PNC Financial Services Group completed its purchase of RBC Bank, based in Raleigh, and the integration of its 415 branches in the Southeast. Besides planning to hire more than 250 “customer-facing” employees in North Carolina by the end of 2013, PNC has added the state to its list of bi-annual economic outlooks, beginning this month. The survey focuses on small- and midsize business owners, reports the Winston-Salem Journal.
“We intend to grow in North Carolina and knowing the views and needs of the state’s business owners will help us to serve them better,” spokeswoman Dorsey Tobias said.
The survey found a growing confidence among N.C. business owners about the economy and their expectations. However, they weren’t as optimistic as their peers nationally, who are projecting the economy to strengthen to pre-recession levels. “The U.S. economy is improving, but it appears the N.C. economy will be a step behind in the overall recovery,” said Mekael Teshome, an economist with PNC.
The survey found 20 percent of N.C. employers expect to hire full-time employees during the next six months, while 11 percent expect to add part-time employees and 6 percent plan to reduce full-time staff. “An improving outlook for sales or business expansion plans are cited by 65 percent of owners as top reasons to add employees,” according to the survey. Teshome acknowledges the full-time hiring projections aren’t overly optimistic, but do represent an improvement over recent years.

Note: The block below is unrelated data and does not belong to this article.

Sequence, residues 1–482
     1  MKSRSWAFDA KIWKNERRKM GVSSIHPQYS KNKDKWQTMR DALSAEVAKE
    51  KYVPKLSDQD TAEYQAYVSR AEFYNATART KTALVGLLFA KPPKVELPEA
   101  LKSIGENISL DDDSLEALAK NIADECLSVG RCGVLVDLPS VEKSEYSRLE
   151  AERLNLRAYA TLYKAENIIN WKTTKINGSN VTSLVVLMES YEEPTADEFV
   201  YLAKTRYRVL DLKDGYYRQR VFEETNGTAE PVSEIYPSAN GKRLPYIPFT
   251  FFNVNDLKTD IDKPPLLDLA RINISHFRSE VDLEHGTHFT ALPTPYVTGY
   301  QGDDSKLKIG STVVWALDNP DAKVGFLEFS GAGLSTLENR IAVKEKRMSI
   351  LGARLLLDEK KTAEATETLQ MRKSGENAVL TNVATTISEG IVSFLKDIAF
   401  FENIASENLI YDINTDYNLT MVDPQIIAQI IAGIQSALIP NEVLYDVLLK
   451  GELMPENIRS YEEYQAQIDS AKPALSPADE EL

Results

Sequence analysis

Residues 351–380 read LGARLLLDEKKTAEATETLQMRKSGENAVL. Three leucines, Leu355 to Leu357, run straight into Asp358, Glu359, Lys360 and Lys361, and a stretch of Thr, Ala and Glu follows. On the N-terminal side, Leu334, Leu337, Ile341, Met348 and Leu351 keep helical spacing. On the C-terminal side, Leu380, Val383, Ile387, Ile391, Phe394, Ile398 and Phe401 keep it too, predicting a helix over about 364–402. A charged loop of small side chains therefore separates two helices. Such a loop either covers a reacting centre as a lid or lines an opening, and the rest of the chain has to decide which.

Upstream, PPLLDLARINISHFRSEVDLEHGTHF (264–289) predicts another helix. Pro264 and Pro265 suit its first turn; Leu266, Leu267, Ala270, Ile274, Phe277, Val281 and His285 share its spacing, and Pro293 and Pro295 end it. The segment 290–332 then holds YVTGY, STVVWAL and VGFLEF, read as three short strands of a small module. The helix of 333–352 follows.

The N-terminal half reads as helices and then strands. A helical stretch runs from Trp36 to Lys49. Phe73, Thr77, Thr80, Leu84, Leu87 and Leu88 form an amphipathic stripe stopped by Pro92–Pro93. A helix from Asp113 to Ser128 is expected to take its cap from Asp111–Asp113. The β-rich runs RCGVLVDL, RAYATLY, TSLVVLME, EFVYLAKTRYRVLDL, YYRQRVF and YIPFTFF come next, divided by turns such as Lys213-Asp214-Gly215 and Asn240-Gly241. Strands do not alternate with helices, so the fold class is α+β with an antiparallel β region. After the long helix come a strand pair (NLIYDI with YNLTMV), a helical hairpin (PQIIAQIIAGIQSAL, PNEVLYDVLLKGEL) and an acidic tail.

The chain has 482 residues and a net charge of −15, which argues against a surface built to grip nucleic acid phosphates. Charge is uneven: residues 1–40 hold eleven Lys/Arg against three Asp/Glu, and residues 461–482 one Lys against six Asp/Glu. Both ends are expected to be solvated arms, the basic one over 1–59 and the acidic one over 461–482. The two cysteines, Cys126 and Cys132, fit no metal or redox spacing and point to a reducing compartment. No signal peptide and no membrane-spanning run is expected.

Other economic outlooks, such as from Manpower Inc., also have shown a slight increase in employer hiring interest in recent quarters. Manpower projects 17 percent of N.C. employers will add workers in the second quarter and 5 percent will cut staff.
The PNC survey found 82 percent of N.C. business owners hope to increase their business “at least a moderate amount” over the next six months. Teshome said he was not surprised that more than three times as many business owners (68 percent) are more interested in making a capital investment, whether in equipment or software upgrades, than adding full-time staff.
“Some employers want to see a few more months of positive data and positive news, since they are risk-adverse to full-time hiring,” Teshome said. “They want to feel confident the recovery has staying power even against unforeseen economic shocks.
“For them, it’s an easier decision to upgrade their equipment and technology to enable their existing workforce to be more efficient with their work time.” In terms of hiring expectations, 45 percent of the business owners say their requirements for employee skills and background are higher now. Their top-three priorities are computer/technical abilities, extensive experience in their field and sales skills.
About 69 percent of the business owners expect to raise prices by more than 2 percent to help offset a projected increase in health care costs. About 21 percent expect to have double-digit sales gains during the next six months.
“The obvious question is whether the next six months will be better economically,” Teshome said. “My expectation is that it will be. It appears the housing depression is about over, with home prices firming up and more in balance with wages.” Read More.
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